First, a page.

Wat Pathum Wanaram (วัดปทุมวนาราม), also known as Wat Pathum, has for decades been the temple in Thailand that I have had a strong connection and relation to. The temple sits in the heart of Pathum Wan district, nestled between a hip shopping street called Siam Square, and the two giant shopping malls Siam Paragon and Central World.
The temple was founded back in 1857 by King Mongkut (Rama IV) as a place of worship near his Sa Pathum Palace. At the time of its founding the area was still only rice fields, only accessible via the Khlong Saen Saeb. The temple is a third class royal temple of the Thammayut Nikaya order. The full name of the temple is Wat Pathum Wanaram Ratcha Wora Viharn (วัดปทุมวนารามราชวรวิหาร).
The ashes of Thai Royal Family members in the line of Prince Mahidol Adulyadej are interred at the temple.
Among the various buildings of the temple is a sala partially reconstructed from the crematorium of the late Princess Mother of Thailand. The crematorium was a rare example of ancient craftsmanship featuring ornate stencils and lacquered sculptures. Known in Thai as phra men, it represents Mount Meru, the heavenly abode of the gods.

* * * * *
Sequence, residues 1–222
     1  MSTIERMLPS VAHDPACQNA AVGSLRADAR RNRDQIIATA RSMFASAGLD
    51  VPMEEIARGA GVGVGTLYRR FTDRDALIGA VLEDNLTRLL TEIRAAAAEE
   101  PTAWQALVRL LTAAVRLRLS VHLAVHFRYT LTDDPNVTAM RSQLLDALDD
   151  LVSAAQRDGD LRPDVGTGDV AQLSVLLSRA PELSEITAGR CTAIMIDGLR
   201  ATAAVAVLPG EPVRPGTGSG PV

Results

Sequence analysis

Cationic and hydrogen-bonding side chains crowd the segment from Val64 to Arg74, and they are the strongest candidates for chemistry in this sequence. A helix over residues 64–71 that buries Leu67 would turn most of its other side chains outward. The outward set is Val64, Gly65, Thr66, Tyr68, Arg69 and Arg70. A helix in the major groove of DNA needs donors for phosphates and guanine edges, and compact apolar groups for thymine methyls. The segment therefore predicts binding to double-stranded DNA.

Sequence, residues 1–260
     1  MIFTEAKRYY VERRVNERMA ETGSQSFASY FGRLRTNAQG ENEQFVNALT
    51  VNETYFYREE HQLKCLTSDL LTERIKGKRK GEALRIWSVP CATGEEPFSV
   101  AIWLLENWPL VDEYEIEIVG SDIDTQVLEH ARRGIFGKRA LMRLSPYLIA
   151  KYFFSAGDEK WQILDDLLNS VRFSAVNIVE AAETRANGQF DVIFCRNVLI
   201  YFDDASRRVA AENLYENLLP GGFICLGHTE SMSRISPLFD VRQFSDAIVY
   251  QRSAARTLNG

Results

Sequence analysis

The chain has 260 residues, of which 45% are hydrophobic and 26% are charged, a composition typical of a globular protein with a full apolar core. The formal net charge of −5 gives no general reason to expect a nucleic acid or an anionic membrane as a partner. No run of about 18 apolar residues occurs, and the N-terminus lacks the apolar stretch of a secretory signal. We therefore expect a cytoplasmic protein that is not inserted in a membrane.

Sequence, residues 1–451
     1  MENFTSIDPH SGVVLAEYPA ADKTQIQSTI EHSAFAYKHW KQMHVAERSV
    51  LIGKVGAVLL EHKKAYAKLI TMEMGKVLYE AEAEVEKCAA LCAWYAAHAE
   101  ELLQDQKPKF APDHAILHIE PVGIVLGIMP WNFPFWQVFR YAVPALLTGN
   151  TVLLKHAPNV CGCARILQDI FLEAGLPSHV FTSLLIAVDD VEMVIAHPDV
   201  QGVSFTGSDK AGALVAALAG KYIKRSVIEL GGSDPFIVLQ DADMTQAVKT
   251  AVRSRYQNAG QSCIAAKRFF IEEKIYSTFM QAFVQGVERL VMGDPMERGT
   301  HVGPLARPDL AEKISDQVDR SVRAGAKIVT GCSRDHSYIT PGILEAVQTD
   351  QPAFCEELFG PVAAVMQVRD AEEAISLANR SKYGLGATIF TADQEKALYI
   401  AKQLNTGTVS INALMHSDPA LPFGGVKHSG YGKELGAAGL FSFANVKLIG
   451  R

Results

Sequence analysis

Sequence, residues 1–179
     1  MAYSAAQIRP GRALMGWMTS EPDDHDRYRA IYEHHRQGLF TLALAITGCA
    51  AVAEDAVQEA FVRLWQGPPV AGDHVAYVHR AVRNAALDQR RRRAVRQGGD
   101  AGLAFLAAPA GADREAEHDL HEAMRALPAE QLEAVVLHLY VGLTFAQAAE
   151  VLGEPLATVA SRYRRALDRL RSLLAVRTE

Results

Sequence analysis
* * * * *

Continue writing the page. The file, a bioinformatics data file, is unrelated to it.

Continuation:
In 2010, during the crackdown of Red Shirts anti-government protesters, Wat Pathum Wanaram was used as a "safe zone" for injured people to get first aid. On 19 May 2010, six people were killed by (stray-) bullets shot from outside the temple.
For me personally, this tample has always provided a haven for meditation, peace and safety, like no other place in Thailand. I have spent more hours within these temple walls than I dare admit, I have had my cars blessed here each time I bought one, and this was also the temple I went to directly after leaving the hopsital when I barely had managed to fight off my last encounter with dengue fever. Additionally and naturally, this temple has become a very necessary stop on the way from and to the airport when arriving or leaving the Kingdom.